A multi-disciplinary team of engineers and medical professionals at the University of Malta and Mater Dei Hospital has made what has been described as “a great discovery” that forms part of the development of an alternative solution to fix bone fractures – essentially metal-based tailor-made bone scaffolds that degrade and allow the patient’s own bone to regrow.
One of the traditional processes used to fix bone fractures is known as bone grafting and can be both painful and risky. It involves a surgical operation in which bone tissues are taken from a different place in the patient’s own body. The problem with this method is that the end result is not guaranteed as the injury can fail to heal properly.
Another solution is a permanent metal implant or other hardware, but with each surgery, bone stock keeps diminishing.
Led by biomaterials engineer Prof. Ing. Joseph Buhagiar at the University of Malta, the team that is currently developing this technology is using medical imaging, 3D printing and powder metallurgy.
In very simple terms, the process begins with the patient undergoing a CT scan to produce a 3D image of the affected area, the latter used as a basis to construct the specific bone implant. The template is then printed via a very specific 3D printer.
The ‘sticky’ element is what makes this revolutionary
Different techniques of 3D printing were tested by the team and it was during this process that a certain ‘stickiness’ was discovered. It is this same ‘stickiness’ that allows a corrosion response as the patient’s bone regeneration takes over.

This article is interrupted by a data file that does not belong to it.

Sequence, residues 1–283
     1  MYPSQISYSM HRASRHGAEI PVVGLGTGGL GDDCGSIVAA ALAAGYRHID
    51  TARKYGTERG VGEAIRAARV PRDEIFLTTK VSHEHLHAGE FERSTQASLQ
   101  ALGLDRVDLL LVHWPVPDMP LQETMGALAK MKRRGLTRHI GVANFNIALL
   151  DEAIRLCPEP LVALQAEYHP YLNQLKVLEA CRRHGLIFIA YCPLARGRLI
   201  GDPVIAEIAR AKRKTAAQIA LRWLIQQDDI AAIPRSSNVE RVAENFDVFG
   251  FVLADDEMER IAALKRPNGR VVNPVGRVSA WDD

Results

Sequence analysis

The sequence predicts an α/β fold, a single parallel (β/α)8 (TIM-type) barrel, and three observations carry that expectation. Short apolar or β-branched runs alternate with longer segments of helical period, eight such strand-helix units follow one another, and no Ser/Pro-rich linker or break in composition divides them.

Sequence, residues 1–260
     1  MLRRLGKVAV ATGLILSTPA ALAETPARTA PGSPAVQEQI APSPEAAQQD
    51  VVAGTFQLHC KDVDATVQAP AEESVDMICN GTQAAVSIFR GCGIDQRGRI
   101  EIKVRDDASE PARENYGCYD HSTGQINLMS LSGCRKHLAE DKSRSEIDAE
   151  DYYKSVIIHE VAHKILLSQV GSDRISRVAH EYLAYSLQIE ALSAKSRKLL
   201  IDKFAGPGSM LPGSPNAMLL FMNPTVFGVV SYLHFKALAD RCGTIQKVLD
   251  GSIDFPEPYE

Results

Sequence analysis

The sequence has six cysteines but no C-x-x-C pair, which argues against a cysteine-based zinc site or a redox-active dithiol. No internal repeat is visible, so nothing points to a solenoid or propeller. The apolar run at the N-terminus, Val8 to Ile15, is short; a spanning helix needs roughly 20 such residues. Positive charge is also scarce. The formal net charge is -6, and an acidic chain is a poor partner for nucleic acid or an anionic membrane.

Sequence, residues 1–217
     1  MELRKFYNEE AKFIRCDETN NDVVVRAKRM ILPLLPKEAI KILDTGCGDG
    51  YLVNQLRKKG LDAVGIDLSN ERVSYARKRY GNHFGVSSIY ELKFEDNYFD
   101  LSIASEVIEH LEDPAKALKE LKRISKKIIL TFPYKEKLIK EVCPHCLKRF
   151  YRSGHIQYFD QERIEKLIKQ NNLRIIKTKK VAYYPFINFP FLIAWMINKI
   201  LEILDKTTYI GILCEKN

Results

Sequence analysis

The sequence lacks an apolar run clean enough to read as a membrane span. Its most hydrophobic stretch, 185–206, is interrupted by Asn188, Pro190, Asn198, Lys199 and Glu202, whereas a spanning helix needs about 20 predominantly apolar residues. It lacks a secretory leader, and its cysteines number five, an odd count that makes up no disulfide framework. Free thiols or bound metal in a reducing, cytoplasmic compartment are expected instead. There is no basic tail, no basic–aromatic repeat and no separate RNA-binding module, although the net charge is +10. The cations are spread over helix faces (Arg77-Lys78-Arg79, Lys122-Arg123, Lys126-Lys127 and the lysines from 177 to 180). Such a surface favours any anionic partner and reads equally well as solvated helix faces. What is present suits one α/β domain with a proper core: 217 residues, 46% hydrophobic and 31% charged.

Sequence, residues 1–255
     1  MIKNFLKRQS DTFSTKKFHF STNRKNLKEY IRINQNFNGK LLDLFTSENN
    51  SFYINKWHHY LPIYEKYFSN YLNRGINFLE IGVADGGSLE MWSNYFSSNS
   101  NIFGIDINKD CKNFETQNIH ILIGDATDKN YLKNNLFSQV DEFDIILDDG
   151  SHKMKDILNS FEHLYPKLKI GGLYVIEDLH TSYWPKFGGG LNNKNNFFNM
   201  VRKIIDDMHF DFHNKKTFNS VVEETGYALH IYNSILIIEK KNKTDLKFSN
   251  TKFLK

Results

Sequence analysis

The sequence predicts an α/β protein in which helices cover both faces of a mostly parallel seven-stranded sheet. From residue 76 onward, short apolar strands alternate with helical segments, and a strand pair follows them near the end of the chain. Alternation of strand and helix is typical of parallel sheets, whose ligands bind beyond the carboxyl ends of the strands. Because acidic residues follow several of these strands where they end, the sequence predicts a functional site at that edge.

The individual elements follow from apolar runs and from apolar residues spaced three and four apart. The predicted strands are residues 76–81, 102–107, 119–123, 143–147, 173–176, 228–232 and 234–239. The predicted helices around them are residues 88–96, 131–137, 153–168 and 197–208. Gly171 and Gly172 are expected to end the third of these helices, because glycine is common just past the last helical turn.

The team said in a statement that the “stickiness was a great discovery, allowing the powdered metal in the next step to stick to the template without a binder”.
Stickiness is the result of mixing the two irons manganese and silver. In order to reach the ideal ‘stickiness’ to the bone template, the best recipe of both irons is still being tested by the team.
Finally, the template is baked at 450 degrees Celsius for the template to burn, then at 1120 degrees Celsius for metal powders to form a solid implant.
Tested? Yes. Moving forward.
These new implants were first tested on several pork bones and the results were pretty successful as the scaffolds proved easy to handle.
Toxicity and bacterial tests are also underway and looking very positive. Next in line is the mission to find an investor for the technology.
Prof. Ing. Buhagiar said: “It is now time to pass this knowledge and project on. The BioSA project needs to go to people who can move the scaffolds on to human trials so we can hopefully one day see them used to better a patient’s life”.
Thumbs up for positive innovation. We love how science can improve people’s quality of lives.